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Sundial spotlight: freshwater shrimp

Freshwater shrimp

The third in a series of blogs celebrating the flora and fauna of our local river. 

By Jenny Figueiredo

The Freshwater Shrimp, Gammarus pulex, is one of those fairly self-explanatory names for a creature – simply a shrimp that lives in fresh water.  The common freshwater shrimp has a robust appearance, and is typically greyish with markings in dark brown or green. Seafood fans will be disappointed to hear that it’s unlikely you would throw any of Osney’s shrimps ‘on the barbie’ – most common freshwater shrimp vary in length between a pretty tiny 14mm for females to 21mm for males. 

As well as rivers and canals, freshwater shrimp can sometimes be found in garden ponds as well as in rivers and canals, as they are frequently carried as eggs or tiny babies on the feet of birds. 

These miniature marvels played a starring role in the campaign back in the 1880s to provide fresh water to Oxford.   When a new pumping station was installed in Oxford (in Lake Street, where South Oxford Community Centre now stands), local social campaigner and famous photographer Henry Taunt challenged the mayor to prove that the water pumped from New Hinksey Lake was fit to drink.  Taunt himself had claimed that in less than three hours of running the city water from his household tap, he had caught no fewer than 37 freshwater shrimps, which he later displayed at Oxford Town Hall under a microscope.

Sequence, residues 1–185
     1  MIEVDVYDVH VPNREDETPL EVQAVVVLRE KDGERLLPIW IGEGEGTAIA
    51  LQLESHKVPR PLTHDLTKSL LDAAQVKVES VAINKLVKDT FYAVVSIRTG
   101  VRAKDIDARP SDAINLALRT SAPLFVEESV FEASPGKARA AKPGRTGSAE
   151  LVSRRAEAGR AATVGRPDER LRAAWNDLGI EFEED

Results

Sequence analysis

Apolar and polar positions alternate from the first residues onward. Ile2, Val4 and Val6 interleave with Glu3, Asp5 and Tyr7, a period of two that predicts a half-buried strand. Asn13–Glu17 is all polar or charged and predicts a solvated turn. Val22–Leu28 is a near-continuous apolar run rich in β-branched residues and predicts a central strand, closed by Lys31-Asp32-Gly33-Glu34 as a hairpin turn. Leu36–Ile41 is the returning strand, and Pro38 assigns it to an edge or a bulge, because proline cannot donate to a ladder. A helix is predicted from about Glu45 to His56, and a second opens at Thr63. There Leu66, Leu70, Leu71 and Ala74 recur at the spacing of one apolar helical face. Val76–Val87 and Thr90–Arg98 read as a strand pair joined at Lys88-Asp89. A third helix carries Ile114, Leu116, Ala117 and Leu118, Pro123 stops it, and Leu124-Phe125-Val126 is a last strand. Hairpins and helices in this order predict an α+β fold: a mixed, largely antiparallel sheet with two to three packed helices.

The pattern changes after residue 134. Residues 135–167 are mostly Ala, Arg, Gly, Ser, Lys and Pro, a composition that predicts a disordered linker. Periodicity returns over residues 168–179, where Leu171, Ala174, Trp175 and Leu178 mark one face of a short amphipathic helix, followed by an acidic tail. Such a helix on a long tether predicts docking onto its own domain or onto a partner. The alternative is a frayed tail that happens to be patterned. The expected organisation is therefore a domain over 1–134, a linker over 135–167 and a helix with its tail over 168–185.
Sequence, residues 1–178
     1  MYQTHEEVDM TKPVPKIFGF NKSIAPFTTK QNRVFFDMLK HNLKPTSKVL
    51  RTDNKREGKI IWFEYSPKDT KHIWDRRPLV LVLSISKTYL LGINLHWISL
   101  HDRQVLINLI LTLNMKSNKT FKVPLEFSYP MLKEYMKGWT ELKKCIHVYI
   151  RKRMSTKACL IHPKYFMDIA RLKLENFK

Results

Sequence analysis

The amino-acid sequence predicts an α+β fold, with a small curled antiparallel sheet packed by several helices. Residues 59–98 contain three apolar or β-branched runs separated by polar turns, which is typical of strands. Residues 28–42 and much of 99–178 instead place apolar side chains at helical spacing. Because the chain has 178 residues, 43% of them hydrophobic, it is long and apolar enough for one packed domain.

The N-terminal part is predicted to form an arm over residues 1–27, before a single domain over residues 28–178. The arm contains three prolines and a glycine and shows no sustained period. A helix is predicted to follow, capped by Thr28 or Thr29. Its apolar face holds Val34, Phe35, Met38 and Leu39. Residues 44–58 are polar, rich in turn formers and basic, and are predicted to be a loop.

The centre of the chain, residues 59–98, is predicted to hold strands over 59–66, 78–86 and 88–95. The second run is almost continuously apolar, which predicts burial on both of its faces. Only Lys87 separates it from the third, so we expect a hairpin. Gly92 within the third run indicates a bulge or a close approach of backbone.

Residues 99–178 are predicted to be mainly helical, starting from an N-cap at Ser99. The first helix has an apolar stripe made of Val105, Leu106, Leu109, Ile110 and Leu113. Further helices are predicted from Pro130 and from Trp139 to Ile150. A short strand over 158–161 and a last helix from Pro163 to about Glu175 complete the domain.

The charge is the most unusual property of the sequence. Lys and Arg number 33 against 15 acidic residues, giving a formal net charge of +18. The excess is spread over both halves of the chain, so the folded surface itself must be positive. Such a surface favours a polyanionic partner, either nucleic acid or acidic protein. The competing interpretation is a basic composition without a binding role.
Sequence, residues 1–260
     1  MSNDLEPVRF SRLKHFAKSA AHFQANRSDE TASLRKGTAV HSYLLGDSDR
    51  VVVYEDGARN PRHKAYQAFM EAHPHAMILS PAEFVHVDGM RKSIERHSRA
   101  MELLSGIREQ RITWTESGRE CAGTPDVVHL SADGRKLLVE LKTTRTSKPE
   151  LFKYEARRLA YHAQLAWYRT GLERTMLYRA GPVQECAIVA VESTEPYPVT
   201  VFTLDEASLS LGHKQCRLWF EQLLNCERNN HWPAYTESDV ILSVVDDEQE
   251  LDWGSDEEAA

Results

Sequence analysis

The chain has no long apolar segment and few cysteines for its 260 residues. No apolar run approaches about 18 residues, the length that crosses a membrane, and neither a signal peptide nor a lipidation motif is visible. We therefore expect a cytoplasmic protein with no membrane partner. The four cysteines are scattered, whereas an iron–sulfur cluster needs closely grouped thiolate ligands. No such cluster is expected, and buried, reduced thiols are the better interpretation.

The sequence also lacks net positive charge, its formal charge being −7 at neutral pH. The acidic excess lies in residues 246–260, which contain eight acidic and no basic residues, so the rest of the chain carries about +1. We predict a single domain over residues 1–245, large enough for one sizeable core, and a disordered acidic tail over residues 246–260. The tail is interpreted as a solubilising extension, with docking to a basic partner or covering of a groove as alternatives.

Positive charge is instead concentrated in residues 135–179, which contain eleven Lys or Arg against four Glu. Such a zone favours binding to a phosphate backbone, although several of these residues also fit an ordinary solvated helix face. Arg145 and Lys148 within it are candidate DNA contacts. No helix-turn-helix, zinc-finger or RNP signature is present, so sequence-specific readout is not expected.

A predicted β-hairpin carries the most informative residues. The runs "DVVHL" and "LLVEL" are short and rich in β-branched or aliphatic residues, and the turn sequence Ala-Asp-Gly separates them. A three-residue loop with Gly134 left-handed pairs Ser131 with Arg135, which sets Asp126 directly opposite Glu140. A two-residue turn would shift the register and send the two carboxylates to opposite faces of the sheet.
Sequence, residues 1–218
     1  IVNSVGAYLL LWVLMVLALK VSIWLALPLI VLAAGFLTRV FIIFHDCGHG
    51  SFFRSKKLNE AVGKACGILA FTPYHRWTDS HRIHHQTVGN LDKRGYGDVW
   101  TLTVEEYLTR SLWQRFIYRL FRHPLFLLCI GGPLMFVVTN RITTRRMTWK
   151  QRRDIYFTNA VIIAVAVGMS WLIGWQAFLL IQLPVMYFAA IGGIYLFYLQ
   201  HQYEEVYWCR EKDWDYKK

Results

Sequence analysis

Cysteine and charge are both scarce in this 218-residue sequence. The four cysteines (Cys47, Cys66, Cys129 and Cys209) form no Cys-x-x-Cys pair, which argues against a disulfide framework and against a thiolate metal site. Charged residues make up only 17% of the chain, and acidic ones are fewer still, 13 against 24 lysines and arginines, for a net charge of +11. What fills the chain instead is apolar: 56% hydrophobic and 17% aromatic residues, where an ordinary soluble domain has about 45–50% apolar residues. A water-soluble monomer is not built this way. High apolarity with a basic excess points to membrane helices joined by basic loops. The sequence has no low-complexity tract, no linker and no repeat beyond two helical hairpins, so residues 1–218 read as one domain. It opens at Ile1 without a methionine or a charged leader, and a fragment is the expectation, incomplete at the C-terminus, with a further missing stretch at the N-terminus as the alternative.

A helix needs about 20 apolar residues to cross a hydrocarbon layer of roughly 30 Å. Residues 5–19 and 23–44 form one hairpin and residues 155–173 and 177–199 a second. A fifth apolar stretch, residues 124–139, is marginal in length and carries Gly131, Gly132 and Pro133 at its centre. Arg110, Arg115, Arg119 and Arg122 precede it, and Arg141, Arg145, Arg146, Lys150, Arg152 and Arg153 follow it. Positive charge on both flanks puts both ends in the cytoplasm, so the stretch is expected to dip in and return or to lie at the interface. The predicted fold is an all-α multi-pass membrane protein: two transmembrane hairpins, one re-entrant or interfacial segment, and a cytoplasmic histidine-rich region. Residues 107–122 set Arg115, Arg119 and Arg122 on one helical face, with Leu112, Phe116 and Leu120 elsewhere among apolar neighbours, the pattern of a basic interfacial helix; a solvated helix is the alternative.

Photo credit: AJ Cann
Photo credit: AJ Cann

In recent years our friendly native freshwater shrimps are being increasingly challenged by invasive, non-native species.  These include the rather ominously named ‘Demon Shrimp’ (Dikerogammarus haemobaphes), which is one of the 15 invasive non-native species of most concern to the Environment Agency to be found here in Oxfordshire (according to Wild Oxfordshire’s ‘State of Nature’ report in 2016).  These invasive species tend to reproduce more quickly, are omnivorous and have a better tolerance for a range of temperature, salt and pollution levels than the native kinds.   As a result they are highly successful invaders and can be sadly very disruptive to ecosystems.

This mosaic has been commissioned in celebration of our centuries old relationship with the river. Local artist Josie Webber has created designs featuring native species nominated by local residents, and incorporating pottery fragments found in West Oxford. The marker stones will form part of a human sundial to be installed on the site. This project has been made possible thanks to the support of the National Lottery Heritage Fund.mosaic1_white

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